Skip to Accessibility Tools Skip to Content Skip to Footer

All Kinds of People Have Hep C

I was driving in my car earlier today and a song played called “Every kinda people”.

It reminded me of all the different people I have met from the hep c community. All races, ages, gender, and from every imaginable walk of life and every kind of personality have shared their own unique experience with me in fighting HCV. No surprise to me about the diversity of community, but it might surprise some people who have this idea that we are a singular type of person. They are wrong.

The differences extend into how the virus affects us, just as diversely as we are in other ways.
Some people experience no symptoms for years and even decades while others will be sick in a short period of time. Some people experience mood disorders while other do not, and so it goes with almost all the different symptoms we can develop as a result of living with the virus. Evidence has suggested that some people will advance to cirrhosis in a decade while others can live with the virus for decades without developing cirrhosis.

How differently we each cope with chronic infection is a mystery to me, despite all that I have read, heard or seen. Some of us are devastated while others take it in their stride. What in our lives prepares us for dealing with a serious chronic infection like hep c? I don’t think anything really prepares us in any real way, regardless of how strong we believe we are. Without question we share a lot of things as people and for those of us with HCV we are of lived experience.

Nobody can know how it is to live with hepatitis c without having lived with it. This is not an exclusive club as it turns out, and we certainly appreciate any help from those who don’t have the lived experience we share in community. We are not a small number either, despite how we have been treated for so long. It looks like we may have turned the corner in recent years with new and more effective treatment, which now offers a cure for most. Access remains difficult for many people who are diagnosed with hep c but I remain hopeful.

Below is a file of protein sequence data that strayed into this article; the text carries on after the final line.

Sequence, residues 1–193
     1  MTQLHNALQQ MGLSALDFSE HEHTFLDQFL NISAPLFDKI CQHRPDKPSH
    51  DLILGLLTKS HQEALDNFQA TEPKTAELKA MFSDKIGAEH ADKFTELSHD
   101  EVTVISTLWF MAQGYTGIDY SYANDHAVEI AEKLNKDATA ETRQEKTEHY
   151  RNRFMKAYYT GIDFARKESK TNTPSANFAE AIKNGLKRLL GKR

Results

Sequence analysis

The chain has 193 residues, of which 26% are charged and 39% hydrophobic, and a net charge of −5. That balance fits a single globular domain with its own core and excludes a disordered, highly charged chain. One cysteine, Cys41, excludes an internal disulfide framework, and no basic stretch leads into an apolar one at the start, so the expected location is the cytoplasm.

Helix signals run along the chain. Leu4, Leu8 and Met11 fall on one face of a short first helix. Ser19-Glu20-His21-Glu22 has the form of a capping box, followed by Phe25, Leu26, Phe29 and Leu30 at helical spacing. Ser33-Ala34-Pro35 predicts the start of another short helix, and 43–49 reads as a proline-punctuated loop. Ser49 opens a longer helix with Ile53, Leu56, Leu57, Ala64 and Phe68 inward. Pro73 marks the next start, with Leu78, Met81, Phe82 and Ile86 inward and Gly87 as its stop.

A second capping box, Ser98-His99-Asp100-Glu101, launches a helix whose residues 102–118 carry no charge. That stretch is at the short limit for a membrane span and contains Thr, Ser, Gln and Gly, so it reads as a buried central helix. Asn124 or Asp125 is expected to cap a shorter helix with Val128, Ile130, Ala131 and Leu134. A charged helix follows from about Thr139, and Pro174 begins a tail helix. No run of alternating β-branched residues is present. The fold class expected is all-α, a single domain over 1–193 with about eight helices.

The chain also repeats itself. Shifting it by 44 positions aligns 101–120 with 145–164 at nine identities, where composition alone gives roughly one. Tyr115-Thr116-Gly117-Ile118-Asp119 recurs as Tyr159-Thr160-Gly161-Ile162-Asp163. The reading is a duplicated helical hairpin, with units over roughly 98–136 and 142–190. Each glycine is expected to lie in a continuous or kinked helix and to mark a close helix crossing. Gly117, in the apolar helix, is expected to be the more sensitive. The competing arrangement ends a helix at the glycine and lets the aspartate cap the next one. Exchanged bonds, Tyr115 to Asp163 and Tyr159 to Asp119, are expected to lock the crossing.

People often ask me about whether this or that is familiar to me, and honestly I see many similarities of experience. In my work I speak to a lot of people at various stages of their hep c journey and it makes sense that after listening to thousands of people ask questions and tell me about how they are impacted, I will see some familiar patterns. There are some things that are common with lots of people-the fatigue is the most common without question, with brain fog being second, and anxiety or mood changes being common, but after that it is a number of things like nausea, joint pain and a range of symptoms.

In my final analysis I think it takes all kinds of people to make a community and we are changed in all sorts of ways as a result of having hep c. If we continue to share in our experiences we find common ground in knowing we are not alone.

This article represents the opinions, thoughts, and experiences of the author; none of this content has been paid for by any advertiser. The team does not recommend or endorse any products or treatments discussed herein. Learn more about how we maintain editorial integrity here.